Let me just preface this article by saying that before I sat down to write it I ran the vacuum cleaner on a 90+degree day of rest Sunday. It's a way that I've learned to collect my thoughts over the years. Sort of a grounding exercise.
That brings me to what we're talking about. Dealing with stress, anxiety and anger is an important skill to learn early especially these days with fall school plans up in the air and the kids facing another round of onscreen learning.
Mother of 2 and child therapist Janine Halloran ,MA, LMHC has a passion for helping kids get a good start with her series of books that outline strategies for coping with stress in different ways to build their emotional and mental health. The "Coping Skills for Kids Workbook" is a bestseller which details tips for parents about ways to identify stress in their children but is by no means meant to be a substitute for professional help if needed.
We joined the Women's Help Center at Stackhouse Park last week to share this important information with a willing group of parents and their kids. The adults were just as interested and one shared that she had a friend who suffered from anxiety but that the "Coping Skills for Kids Workbook" is geared to kids 4-10 years of age, it used many of the same techniques as adult books but was much easier to follow and incorporate quickly.
Our goal was to make stress balls (the directions are on page 58) which is a way Ms. Halloran suggests to use physical coping skills to get rid of excess energy and/or process feelings of worry, frustration, sadness and anger in a productive and safe manner. It's important for kids to learn that these feelings are okay and that there are proper ways to deal with them.
Needless to say, the whole process of making the stress balls was a redirecting exercise! We had a table set up and it was a challenge with social distancing rules for the kids to be patient for their turn but they were patient with the help of another of Ms. Halloran's breathing tips. We had them hold up their hands , spread their fingers wide and breathe in as they traced the outside of their thumb with the pointer finger of the other hand. Then we had them exhale as they traced from the thumb tip to the base of the pointer finger. Inhale as they traced to the top, exhale down, inhale up to the top of the middle finger, exhale down to the base of the ring finger, inhale to the top and exhale to the base of the pinky, inhale to the top of the pinky and exhale as they traced the outside of the pinky and to the wrist. Before they knew it, they had done 5 nice deep breaths felt so much calmer until their turn came. I hope you tried it as you read this!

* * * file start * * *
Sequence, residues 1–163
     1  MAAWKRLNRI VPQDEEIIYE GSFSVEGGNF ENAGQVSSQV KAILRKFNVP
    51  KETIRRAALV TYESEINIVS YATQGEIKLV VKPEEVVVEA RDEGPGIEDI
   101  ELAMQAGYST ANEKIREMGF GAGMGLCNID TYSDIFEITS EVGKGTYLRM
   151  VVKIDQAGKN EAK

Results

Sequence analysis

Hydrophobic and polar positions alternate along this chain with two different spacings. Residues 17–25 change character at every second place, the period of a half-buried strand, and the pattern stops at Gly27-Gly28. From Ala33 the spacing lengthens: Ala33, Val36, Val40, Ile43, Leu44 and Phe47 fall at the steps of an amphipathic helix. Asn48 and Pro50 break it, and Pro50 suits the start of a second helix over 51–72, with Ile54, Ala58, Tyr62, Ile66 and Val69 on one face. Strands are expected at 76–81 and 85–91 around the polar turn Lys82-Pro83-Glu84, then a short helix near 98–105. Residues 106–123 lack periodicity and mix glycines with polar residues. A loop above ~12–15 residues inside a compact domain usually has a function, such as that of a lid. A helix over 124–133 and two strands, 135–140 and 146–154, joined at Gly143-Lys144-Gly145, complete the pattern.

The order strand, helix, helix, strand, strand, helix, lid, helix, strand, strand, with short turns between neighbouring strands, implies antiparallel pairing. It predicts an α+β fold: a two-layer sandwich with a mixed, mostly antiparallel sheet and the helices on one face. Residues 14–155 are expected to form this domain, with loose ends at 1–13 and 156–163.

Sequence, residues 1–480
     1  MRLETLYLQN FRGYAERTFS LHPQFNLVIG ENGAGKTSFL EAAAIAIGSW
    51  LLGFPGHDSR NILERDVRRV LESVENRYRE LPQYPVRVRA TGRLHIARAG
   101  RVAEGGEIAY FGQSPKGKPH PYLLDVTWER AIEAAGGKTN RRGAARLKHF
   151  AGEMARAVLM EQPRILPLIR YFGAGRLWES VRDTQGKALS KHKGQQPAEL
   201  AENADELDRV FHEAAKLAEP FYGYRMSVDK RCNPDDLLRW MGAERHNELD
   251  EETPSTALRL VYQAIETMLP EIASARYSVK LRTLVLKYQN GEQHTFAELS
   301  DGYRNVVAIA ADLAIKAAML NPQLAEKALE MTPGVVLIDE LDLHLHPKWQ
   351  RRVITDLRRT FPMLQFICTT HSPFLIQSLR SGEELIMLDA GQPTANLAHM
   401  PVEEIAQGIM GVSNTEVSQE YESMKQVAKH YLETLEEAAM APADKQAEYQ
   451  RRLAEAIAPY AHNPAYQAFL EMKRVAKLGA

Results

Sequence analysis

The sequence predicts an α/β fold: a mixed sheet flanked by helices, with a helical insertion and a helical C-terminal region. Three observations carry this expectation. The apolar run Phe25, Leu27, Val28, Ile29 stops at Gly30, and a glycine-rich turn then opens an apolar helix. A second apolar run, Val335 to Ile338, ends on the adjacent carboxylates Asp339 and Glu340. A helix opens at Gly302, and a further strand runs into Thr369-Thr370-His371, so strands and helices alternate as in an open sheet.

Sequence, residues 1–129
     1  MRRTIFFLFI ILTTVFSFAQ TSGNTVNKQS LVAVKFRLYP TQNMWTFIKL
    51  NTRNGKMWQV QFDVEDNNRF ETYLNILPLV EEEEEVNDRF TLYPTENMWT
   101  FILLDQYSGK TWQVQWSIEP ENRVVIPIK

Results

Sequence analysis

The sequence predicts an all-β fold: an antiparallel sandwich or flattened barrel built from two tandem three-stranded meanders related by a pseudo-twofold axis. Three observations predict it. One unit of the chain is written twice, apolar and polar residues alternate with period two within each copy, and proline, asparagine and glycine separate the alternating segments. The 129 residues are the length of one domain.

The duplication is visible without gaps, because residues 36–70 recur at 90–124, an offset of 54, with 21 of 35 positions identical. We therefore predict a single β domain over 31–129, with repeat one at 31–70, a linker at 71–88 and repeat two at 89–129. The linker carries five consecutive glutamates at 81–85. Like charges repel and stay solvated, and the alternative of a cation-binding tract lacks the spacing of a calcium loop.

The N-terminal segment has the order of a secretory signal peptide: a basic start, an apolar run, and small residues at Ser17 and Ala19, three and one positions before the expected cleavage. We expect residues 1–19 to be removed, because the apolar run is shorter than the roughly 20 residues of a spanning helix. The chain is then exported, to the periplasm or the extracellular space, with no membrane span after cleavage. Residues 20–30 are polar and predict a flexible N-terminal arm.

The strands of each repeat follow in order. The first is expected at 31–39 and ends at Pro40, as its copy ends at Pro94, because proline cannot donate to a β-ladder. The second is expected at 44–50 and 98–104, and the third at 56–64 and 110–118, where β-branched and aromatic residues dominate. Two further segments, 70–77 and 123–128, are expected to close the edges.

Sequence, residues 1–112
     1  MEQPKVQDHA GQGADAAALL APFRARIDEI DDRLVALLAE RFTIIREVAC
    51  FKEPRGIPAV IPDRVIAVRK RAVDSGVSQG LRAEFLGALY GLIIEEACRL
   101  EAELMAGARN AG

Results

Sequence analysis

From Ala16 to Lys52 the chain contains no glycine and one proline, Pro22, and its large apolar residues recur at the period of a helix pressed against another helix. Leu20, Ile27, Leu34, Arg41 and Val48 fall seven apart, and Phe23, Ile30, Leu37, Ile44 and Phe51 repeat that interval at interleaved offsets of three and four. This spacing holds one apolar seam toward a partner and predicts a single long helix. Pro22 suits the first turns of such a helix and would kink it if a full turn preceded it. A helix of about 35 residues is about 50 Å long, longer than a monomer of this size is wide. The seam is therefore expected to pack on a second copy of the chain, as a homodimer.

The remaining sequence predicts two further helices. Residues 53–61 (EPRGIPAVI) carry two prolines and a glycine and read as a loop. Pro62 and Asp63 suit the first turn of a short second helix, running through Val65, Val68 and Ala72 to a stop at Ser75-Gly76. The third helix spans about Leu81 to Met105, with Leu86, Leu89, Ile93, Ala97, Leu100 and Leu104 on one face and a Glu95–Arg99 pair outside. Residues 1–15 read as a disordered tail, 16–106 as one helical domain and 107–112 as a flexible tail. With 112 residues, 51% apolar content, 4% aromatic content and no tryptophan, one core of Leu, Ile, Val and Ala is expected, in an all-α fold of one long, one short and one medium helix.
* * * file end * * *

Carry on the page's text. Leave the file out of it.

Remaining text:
With the help of this book and others in the series, you can help your kids identify where their stress happens. Is it at school? Maybe it's at home or somewhere else. The time of day or when kids are with others or alone are important to know too. This book is a wonderful guide of WHAT questions to ask and filled with so many techniques. I can't recommend it enough! I can't wait to dig in to the other Coping Skills For Kids Activity Books: "Processing Feelings" which follows characters Polly and Paul learning to cope better when they understand how their thoughts and feelings work. Roxie and Rex cope better when they are given an opportunity to relax and restore their inner peace in "Relaxation Round Up". And then there is the one we can all learn to do. "My Happiness Journal" is an exercise where your child uses of the skills learned from the characters: processing, sensory, distraction, relaxation, and movement to focus on what makes them happy and they journal!
So many of the ideas use items that you probably already have around the house. For the stress balls, we followed the easy directions and used sandwich bags, filled them with flour, twisted the tops then cut the ends off of 2 balloons, stuffed the flour filled bag into one the balloon and then into another balloon the opposite way so that there was no way the flour would leak. Most of the kids did this easily and some took a little more time, but as our kids are learning, the process is part of the exercise. They happily squeezed away and some made more than one. This is a great way to use up old pantry items like rice, dries beans, flax seeds or anything else you can think of.
We'll be showing how to make these stress balls and more ideas with Christine Strugala on a new show called "Around the Alleghenies" premiering on August 11 at 10:35 on Fox 8 and 12:30 PM ABC 23 just in time for the new school year.
I have to share that one of my favorite tips in the book is to learn something new and I'm a big advocate of knitting for kids. Here's a short tutorial I put together with a simple poem to remember the steps. It's easy for kids and adults to learn and a great way to deal with stress.
You can check out these books and the prestigious Mom's Choice Award Winner "The Ultimate Playdate Guide" on Amazon or at copingskillsforkids.com. All of the books will be available in digital format so that you can download them right from your home.
Connect with Coping Skills for Kids at their website and the following social channels.
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